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St. Patrick's: A Day to remember immigrants.

 
 
Reply Thu 16 Mar, 2006 06:41 pm
This an important time for immigrants in the United States. And St. Patrick's day is a day celebrating our immigrant heritage.

The current anti-immigrant movement is not new. For at least the past 100 years people have been demonizing newcomers, minimizing their contribution and calling on the government to make and enforce harsh laws.

Irish immigrants, legal and illegal, have come for centuries and contributed to our society and culture. They faced accusations that they were disloyal and caused crime. They faced quotas and discrimination. Yet they came and worked and built lives and made contributions to our country.

Not even our current brand of gun-toting anti-immigrant vigilante groups are new. Our immigrant ancestors, Irish and otherwise, faced the same.

St. Patrick's day is a day to remember the trials, perseverence and contributions of immigrants. Since the 19th centuries immigrants faced contradictory laws and messages- with society wanting their labor and contributions, yet refusing to allow them to become a part of society.

Today there is hope. The McCain-Kennedy bill offers todays immigrants, both Irish and non, a chance to step out of the shadows. They will allow worker who pay a fine and any back taxes, and work toward becoming a part of our country a chance to become legal.

On St. Patrick's day we celebrate the immigrant. We also remember that we are a nation built of immigrants.

So wear green and grab a Guiness... but right now there is something more you can do to celebrate your immigrant heritage.

This month in the Senate, immigration reform is being debated... whether we are going to treat today's immigrants living in the shadows with respect, or whether we will refuse to recognize their contributions and keep them in limbo.

Call your Senator today and tell them to support McCain-Kennedy. Your great grandparents (Irish or not) would be proud.
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Type: Discussion • Score: 1 • Views: 1,394 • Replies: 9
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littlek
 
  1  
Reply Thu 16 Mar, 2006 09:16 pm
This italo-scot will consider doing just that. Actually, I may have already signed an online petition.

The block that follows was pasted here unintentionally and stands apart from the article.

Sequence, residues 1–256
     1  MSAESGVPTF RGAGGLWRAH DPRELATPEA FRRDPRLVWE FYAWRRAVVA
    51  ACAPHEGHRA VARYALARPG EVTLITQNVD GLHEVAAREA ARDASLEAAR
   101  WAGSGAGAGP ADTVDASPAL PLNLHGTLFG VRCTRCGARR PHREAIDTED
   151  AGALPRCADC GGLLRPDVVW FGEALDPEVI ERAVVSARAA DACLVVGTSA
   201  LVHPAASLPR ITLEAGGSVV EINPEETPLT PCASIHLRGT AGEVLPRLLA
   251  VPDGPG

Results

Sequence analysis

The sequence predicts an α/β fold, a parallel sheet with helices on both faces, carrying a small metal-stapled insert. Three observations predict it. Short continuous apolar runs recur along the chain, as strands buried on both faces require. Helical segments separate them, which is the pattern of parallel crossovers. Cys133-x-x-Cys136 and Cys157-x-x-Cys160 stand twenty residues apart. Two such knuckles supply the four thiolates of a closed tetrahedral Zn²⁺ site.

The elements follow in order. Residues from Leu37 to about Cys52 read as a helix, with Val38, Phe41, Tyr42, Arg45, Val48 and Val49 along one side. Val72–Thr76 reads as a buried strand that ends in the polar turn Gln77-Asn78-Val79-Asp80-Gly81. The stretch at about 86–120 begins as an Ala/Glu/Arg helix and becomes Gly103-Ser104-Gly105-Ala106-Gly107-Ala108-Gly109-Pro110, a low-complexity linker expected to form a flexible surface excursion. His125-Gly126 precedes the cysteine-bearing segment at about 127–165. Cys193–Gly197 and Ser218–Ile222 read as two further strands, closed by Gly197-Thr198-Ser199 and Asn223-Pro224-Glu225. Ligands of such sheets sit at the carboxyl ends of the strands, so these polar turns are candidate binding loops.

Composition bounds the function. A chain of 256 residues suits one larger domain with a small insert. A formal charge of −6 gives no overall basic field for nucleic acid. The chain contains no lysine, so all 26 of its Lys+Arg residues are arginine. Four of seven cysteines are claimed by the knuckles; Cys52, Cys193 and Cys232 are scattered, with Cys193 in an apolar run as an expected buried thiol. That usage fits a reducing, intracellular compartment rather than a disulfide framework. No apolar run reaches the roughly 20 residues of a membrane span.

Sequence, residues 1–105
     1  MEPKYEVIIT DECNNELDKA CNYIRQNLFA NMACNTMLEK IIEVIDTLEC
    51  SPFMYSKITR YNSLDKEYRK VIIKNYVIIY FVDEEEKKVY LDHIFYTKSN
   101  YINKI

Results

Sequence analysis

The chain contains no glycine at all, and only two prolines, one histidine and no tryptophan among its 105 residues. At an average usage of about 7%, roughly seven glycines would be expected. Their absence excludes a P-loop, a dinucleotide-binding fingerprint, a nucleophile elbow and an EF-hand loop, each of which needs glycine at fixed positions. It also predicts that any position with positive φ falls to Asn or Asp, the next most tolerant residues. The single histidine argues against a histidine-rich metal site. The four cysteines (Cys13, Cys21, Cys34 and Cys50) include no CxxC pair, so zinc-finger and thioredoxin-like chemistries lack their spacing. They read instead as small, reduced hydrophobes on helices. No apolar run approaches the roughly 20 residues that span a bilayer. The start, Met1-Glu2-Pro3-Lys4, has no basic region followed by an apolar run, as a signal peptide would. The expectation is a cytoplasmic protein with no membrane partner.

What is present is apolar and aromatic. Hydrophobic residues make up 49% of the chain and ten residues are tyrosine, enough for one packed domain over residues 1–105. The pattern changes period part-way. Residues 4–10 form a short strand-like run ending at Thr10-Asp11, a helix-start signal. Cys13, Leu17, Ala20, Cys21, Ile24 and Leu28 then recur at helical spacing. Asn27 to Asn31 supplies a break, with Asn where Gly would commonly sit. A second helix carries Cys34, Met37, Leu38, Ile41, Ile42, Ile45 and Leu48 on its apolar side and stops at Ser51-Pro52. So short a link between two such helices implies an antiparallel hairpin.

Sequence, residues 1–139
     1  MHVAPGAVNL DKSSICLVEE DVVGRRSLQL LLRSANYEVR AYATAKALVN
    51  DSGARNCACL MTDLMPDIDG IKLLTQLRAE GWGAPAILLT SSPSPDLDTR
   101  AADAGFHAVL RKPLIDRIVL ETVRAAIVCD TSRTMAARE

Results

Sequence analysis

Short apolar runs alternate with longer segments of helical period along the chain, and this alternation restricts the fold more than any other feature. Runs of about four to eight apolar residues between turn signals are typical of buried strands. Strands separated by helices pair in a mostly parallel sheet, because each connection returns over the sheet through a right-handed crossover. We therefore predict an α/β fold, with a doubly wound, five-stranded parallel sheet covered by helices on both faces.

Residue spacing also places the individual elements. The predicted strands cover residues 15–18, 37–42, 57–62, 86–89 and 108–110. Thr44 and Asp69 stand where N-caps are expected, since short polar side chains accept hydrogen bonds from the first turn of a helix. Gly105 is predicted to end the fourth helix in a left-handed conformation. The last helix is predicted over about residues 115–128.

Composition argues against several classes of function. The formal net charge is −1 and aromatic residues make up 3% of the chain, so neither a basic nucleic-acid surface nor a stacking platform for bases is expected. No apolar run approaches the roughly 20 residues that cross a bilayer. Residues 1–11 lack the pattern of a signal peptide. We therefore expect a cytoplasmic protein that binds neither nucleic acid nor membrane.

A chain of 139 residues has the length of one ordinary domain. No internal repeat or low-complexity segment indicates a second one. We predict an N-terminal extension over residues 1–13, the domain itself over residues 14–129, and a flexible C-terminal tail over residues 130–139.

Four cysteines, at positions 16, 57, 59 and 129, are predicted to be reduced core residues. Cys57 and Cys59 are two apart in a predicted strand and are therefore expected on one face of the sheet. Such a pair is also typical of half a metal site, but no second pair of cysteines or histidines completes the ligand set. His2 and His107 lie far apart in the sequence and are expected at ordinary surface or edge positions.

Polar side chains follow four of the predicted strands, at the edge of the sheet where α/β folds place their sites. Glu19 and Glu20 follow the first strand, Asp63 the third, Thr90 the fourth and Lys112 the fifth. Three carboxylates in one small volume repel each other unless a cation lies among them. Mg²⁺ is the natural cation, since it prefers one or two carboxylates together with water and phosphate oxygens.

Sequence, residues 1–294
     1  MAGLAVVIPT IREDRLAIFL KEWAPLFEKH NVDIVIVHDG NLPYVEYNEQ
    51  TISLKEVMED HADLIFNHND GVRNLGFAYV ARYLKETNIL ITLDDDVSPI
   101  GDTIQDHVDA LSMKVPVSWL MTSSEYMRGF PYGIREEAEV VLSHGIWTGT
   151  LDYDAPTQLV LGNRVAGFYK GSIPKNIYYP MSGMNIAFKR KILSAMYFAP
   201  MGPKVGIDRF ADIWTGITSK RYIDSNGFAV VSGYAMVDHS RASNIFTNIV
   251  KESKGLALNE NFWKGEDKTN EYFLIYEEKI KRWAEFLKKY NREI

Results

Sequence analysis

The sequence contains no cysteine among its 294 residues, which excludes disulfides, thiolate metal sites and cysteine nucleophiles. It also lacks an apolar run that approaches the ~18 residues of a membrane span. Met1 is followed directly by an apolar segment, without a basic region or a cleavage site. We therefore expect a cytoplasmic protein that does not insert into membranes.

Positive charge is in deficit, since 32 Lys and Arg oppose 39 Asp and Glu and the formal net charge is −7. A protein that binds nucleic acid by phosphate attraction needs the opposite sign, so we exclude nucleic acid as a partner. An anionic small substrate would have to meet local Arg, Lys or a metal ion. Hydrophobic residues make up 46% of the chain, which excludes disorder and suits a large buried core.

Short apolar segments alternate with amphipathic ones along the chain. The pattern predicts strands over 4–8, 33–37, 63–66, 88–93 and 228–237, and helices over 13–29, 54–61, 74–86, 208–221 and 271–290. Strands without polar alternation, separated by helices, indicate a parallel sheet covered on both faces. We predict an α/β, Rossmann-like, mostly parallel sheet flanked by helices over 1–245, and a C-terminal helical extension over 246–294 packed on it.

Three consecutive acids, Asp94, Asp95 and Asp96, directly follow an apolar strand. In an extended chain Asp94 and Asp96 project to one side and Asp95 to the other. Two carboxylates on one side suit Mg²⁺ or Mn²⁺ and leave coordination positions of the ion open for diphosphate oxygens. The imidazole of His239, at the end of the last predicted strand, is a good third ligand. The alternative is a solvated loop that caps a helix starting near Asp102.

0 Replies
 
ebrown p
 
  1  
Reply Thu 16 Mar, 2006 10:19 pm
Thanks K (although I think your Senator is already on board Smile)
0 Replies
 
littlek
 
  1  
Reply Thu 16 Mar, 2006 10:22 pm
That's the way it is, here..... they keep writing back saying, "yep, we're with ya!"
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ebrown p
 
  1  
Reply Thu 16 Mar, 2006 10:32 pm
By any chance did you see the "My Word" (editorial) in the Metro (that free newspaper they hand out in the citiy) this morning? It was a pretty strong pro-immigrant article.

I am interested to read the responses (this kind of thing always stirs up the Know-Nothings).
0 Replies
 
littlek
 
  1  
Reply Thu 16 Mar, 2006 10:54 pm
No, I didn't read it.
0 Replies
 
Baldimo
 
  1  
Reply Fri 17 Mar, 2006 09:15 am
Re: St. Patrick's: A Day to remember immigrants.
ebrown_p wrote:
This an important time for immigrants in the United States. And St. Patrick's day is a day celebrating our immigrant heritage.

The current anti-immigrant movement is not new. For at least the past 100 years people have been demonizing newcomers, minimizing their contribution and calling on the government to make and enforce harsh laws.

Irish immigrants, legal and illegal, have come for centuries and contributed to our society and culture. They faced accusations that they were disloyal and caused crime. They faced quotas and discrimination. Yet they came and worked and built lives and made contributions to our country.

Not even our current brand of gun-toting anti-immigrant vigilante groups are new. Our immigrant ancestors, Irish and otherwise, faced the same.

St. Patrick's day is a day to remember the trials, perseverence and contributions of immigrants. Since the 19th centuries immigrants faced contradictory laws and messages- with society wanting their labor and contributions, yet refusing to allow them to become a part of society.

Today there is hope. The McCain-Kennedy bill offers todays immigrants, both Irish and non, a chance to step out of the shadows. They will allow worker who pay a fine and any back taxes, and work toward becoming a part of our country a chance to become legal.

On St. Patrick's day we celebrate the immigrant. We also remember that we are a nation built of immigrants.